day 24 hrs. 512 max. 1024
debug 30 min. 64 max. 64
hour 60 min. 512 max. 1024
week (default queue) 7 days 512 max. 512
bigmem 7 days 32 max. 32
staff -- -- 1024
Idle -- -- 1024All others preempt
adhoc -- -- Configured as requiredClosed by default
gpu 7 days 512 max. 512
ms 7 days 1 4

A list of resources defined for a given node can be seen in the last column of output of the following command:

lshosts |  more

Submitting Batch Jobs:

The general form of syntax for submitting a serial batch job is:

bsub [- bsub options] executable [- executable options]

To learn more about bsub and bsub options:

man bsub
Note. LSF itself has an overhead of 30-40 seconds per job. So, if you have thousands of short jobs to run please structure your work in such a way that those jobs are batched together by scripts and submitted as fewer jobs that will each take 20-30 minutes to run (so as to justify the overhead of scheduling the jobs). If you have a few dozen jobs under a minute then the system absorbs the overhead. However, when an exorbitant number of “very short” jobs (i.e. jobs that run for less than a few minutes) are pushed through the system the performance of the job scheduler degrades.

Important. If you are planning to submit a job that requires more than 4 GB of memory, be sure to read this.

Submitting Interactive Jobs:

Submitting interactive jobs requires the bsub option “-Ip” as in the “bsub” command shown below:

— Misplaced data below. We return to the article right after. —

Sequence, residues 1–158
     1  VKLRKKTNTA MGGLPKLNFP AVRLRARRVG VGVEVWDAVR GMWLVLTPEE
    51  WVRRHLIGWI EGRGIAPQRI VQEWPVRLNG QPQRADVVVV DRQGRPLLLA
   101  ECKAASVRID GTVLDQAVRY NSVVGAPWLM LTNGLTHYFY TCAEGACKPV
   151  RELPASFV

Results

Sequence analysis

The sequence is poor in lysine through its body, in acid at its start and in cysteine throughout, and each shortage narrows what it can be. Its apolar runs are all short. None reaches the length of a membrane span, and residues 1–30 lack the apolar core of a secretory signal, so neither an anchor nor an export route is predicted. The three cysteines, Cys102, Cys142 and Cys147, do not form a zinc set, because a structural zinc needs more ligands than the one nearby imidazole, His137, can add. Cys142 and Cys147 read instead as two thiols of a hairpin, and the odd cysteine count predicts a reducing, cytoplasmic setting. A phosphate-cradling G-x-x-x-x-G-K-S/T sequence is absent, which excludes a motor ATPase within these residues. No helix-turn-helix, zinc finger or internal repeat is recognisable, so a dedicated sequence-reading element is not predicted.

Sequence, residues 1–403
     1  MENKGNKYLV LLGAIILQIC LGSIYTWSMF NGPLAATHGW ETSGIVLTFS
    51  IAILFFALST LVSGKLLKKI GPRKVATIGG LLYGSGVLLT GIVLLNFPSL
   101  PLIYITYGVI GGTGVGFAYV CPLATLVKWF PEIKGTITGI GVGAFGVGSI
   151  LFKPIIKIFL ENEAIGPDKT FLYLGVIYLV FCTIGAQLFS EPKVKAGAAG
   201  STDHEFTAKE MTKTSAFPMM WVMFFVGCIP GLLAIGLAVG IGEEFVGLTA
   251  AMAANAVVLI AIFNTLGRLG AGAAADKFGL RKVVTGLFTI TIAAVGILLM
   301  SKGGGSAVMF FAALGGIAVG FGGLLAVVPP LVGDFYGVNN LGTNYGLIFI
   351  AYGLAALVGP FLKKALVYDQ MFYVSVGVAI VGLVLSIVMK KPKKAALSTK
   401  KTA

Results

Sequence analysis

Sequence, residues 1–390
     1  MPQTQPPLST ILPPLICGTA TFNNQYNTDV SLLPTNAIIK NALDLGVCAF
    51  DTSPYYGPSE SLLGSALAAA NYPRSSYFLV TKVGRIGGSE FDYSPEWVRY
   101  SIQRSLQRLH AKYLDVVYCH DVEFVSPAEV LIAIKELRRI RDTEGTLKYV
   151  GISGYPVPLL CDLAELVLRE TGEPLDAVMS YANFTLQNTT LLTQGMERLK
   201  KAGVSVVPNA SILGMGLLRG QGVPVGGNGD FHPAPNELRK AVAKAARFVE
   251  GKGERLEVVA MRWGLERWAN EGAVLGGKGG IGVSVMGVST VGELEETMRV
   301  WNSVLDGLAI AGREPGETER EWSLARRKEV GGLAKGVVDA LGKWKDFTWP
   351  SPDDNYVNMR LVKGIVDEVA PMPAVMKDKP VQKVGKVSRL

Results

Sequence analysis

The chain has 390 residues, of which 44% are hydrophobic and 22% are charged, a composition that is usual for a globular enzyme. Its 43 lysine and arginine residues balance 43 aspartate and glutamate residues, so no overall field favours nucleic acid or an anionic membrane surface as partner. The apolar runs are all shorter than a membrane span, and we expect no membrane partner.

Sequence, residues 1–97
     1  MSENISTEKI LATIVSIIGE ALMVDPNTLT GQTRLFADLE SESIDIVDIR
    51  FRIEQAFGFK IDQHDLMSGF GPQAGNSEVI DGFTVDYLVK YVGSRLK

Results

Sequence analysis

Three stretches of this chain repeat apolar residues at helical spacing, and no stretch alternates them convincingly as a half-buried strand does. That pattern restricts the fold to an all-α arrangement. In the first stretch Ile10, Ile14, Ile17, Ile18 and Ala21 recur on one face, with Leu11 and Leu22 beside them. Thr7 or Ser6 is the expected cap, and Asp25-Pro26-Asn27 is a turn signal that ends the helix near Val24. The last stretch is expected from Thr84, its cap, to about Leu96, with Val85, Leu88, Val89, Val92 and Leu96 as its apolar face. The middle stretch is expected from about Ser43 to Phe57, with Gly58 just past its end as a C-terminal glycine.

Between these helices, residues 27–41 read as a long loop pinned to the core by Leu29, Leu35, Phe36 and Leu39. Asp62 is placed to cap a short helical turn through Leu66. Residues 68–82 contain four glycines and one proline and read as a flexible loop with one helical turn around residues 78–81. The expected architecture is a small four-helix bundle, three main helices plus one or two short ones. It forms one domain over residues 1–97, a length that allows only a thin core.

bsub -Ip my_interactive_job

For example, the command below will give you an interactive bash shell session:

bsub -Ip /bin/bash
Note. Interactive jobs will not run on KillDevil login nodes, but run on a compute node instead.

Submitting Parallel Jobs:

Parallel jobs that use shared memory (i.e. OpenMP jobs):

For this type of parallel job, it is necessary to submit the job in such a way that all of the requested job slots land on one (i.e. the same) compute node. In addition, before you submit your job you will need to set an environment variable, OMP_NUM_THREADS, equal to the number of requested job slots- for Killdevil, this number must be less than or equal to 12 since the compute nodes on Killdevil (in general) have 12 cores.

The general procedure for submitting an OpenMP batch job, which in this example will be referred to as “mycode,” that uses (for instance) 10 threads is first set the OMP_NUM_THREADS environment variable to 10.

For Bourne, bash, and related shells:

export OMP_NUM_THREADS=10

For csh and related shells:

setenv OMP_NUM_THREADS 10

Then to submit the job:

bsub -n 10 -R "span[hosts=1]" ./mycode

In the above job submission command the –n 10 asks for ten job slots (which intentionally matches the value set for OMP_NUM_THREADS) and the –R “span[hosts=1]” requests that all ten job slots be placed on the same host.

Another way to submit the job is to create a file (for example, call it mycode.bsub) with the following lines in it

####   run_mycode    ####
#BSUB -n 10
#BSUB –R “span[hosts=1]”
./mycode
##### end of run_mycode ####

and then do the following command at the KillDevil prompt:

bsub < mycode.bsub

Parallel jobs that use distributed memory (i.e. MPI jobs):